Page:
While hammocks are an amazing sleeping solution and an ultralight shelter item, they aren’t perfect for every situation. Here are some situations where it would be better to know how to make a shelter just from your tarp or bring a silnylon tent.
You Can’t Hammock Camp in High Wind Speeds
Forests with few trees and sweeping winds are not ideal for hammock camping. Even with a tarp to cover you from most of the wind, some of it will still manage to get through and to you.
Not to mention that setting up a tarp in strong winds is extremely difficult – you might even lose the tarp.
If you know you’ll be heading into a windy territory, make sure you prepare shelter other than the hammock.
If you’ve already set up your hammock and you see the winds are picking up you should adapt your shelter. Take off your hammock and set up your tarp shelter closer to the ground and away from the wind, and prepare to sleep inside it.
Extremely Cold Places
Hammocks are not the perfect sleeping solution in places where it gets too cold. Even with the underquilt and a space blanket lining, the bottom side of the hammock is still a bit too exposed.
Additionally, when camping in extremely cold areas, you’ll want some type of fire under your tarp or in front of your shelter. Keeping a fire going while you’re in a hammock is very dangerous. You could fall into the fire when getting out of the hammock or fall asleep and leave an unattended fire burning.
In these situations, it is much safer to make a shelter from your tarp and light a fire under your tarp or in front of it.
Parks That Prohibit Hammocks
Finally, there are some places where you would be able to hammock camp if it were allowed.
It is not uncommon for parks to prohibit attaching anything to trees, in an attempt to stop people from damaging them. This has the unfortunate consequence of putting an end to hammock camping.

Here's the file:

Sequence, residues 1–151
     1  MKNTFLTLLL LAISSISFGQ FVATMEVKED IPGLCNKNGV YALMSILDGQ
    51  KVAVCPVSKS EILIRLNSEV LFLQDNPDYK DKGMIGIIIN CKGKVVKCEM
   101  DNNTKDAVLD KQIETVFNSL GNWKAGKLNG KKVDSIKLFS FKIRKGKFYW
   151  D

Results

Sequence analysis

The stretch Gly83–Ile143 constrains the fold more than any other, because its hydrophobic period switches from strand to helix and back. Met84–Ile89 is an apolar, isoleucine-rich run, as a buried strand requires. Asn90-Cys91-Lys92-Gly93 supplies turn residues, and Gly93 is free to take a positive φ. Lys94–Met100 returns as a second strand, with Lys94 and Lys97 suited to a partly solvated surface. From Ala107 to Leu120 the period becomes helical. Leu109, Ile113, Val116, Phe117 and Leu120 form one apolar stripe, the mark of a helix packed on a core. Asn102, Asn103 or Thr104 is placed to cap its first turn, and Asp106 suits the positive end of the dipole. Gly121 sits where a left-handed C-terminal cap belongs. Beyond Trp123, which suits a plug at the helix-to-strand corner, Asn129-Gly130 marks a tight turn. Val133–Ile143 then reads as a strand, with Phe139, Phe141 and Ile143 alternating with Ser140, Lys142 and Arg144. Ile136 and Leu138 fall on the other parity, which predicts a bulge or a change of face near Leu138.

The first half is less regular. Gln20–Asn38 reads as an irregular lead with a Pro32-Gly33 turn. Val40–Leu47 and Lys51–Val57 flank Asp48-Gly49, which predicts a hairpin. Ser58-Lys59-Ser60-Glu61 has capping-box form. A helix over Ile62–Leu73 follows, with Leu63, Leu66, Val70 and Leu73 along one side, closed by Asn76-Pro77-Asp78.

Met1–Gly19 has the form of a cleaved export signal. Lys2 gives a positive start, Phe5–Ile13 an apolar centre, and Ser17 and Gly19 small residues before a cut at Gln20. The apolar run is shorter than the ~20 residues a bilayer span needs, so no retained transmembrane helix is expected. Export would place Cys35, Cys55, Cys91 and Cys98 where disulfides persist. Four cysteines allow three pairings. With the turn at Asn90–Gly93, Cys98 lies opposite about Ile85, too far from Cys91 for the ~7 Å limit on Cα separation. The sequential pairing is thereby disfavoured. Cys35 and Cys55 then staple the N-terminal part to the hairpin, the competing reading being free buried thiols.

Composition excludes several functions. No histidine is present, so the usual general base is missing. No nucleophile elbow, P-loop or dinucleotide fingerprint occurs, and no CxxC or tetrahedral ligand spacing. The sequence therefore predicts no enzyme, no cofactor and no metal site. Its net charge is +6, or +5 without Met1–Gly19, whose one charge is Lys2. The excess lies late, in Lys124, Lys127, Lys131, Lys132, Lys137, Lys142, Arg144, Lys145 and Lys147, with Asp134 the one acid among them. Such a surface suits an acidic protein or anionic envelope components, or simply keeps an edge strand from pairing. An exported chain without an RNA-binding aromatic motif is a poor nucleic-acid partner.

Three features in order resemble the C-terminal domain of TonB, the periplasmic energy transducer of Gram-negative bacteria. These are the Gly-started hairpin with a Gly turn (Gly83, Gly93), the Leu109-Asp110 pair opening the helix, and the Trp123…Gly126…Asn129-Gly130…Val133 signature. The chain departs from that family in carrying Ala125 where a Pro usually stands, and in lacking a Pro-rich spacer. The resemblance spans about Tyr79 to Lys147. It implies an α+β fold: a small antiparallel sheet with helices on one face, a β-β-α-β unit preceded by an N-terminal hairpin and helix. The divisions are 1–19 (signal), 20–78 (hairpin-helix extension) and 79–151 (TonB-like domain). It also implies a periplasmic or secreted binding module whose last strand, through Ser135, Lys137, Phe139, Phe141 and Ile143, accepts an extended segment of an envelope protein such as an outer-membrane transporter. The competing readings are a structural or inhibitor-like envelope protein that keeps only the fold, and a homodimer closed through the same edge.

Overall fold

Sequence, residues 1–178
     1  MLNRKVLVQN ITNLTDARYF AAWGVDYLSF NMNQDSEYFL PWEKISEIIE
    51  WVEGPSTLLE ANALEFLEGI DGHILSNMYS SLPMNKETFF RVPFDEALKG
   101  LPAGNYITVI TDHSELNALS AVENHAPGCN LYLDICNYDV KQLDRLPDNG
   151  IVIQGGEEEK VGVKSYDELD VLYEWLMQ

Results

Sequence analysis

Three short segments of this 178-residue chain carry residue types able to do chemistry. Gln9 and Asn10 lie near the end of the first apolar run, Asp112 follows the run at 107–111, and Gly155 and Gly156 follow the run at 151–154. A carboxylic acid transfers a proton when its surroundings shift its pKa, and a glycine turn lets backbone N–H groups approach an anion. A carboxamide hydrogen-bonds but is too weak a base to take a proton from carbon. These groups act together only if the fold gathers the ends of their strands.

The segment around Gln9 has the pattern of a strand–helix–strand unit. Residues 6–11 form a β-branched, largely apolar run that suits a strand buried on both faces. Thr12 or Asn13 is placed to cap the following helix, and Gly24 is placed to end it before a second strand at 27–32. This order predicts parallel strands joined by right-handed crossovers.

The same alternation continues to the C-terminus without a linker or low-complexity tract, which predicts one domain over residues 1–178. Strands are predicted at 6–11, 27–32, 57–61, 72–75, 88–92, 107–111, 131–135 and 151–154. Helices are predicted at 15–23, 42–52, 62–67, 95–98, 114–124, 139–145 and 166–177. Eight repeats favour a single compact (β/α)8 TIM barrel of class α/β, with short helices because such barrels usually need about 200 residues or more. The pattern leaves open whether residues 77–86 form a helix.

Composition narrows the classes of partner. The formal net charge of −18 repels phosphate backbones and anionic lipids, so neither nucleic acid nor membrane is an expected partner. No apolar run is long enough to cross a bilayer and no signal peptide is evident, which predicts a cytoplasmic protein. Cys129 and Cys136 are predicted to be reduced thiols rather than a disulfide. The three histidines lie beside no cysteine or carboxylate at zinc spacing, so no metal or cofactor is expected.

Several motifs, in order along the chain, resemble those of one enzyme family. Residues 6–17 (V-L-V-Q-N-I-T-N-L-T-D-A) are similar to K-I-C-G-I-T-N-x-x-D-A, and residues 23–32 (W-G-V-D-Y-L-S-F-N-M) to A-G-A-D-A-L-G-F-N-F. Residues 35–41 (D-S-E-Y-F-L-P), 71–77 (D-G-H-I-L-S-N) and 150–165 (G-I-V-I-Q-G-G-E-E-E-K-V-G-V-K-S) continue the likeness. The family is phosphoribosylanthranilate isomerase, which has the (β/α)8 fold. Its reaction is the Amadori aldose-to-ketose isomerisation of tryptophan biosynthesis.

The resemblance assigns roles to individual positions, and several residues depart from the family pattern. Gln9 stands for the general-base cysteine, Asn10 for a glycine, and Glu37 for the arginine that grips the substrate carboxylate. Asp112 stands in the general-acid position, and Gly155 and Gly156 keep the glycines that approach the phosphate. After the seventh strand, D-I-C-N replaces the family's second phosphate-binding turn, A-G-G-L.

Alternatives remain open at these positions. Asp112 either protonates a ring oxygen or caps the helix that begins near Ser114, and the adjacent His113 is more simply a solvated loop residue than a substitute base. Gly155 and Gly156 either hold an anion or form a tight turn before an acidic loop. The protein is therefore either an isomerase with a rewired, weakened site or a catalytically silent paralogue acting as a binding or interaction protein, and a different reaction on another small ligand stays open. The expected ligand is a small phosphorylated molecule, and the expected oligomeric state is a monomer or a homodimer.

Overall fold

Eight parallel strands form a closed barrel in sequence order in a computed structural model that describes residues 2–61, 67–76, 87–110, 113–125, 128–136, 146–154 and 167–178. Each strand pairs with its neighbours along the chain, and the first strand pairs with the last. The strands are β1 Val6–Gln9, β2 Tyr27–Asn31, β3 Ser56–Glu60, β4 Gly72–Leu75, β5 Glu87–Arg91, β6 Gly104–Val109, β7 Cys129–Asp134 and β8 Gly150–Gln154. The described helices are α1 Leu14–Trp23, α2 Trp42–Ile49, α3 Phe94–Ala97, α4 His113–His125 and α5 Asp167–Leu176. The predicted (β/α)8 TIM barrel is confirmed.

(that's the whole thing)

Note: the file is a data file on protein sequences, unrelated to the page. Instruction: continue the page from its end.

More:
Since you cannot attach the suspension system to the trees, you cannot set up your hammock. You wouldn’t be allowed to set up a hammock even if you have tree-friendly cordage.
Most camps provide areas where you can stretch your hammock between man-made structures to compensate for not allowing their guests to do so on the trees.
While this is something at least, it kind of defeats the beauty of setting up your hammock away from everything and enjoying the forest.
What About the Places With No Trees?
Although most people think that hammocks can be used if there are no trees in the area, that is not the case. You can set up a hammock even if there are no trees in your surroundings.
Ways to set up your hammock without trees:
- Posts or poles – most parks will provide you an area where you can set up a hammock on concrete posts or metal poles.
- Stands for hammocks – there aren’t many collapsible stands for hammocks; if you’re bent on sleeping in a hammock, you’ll need to go camping in a car and assemble the stand once you get there.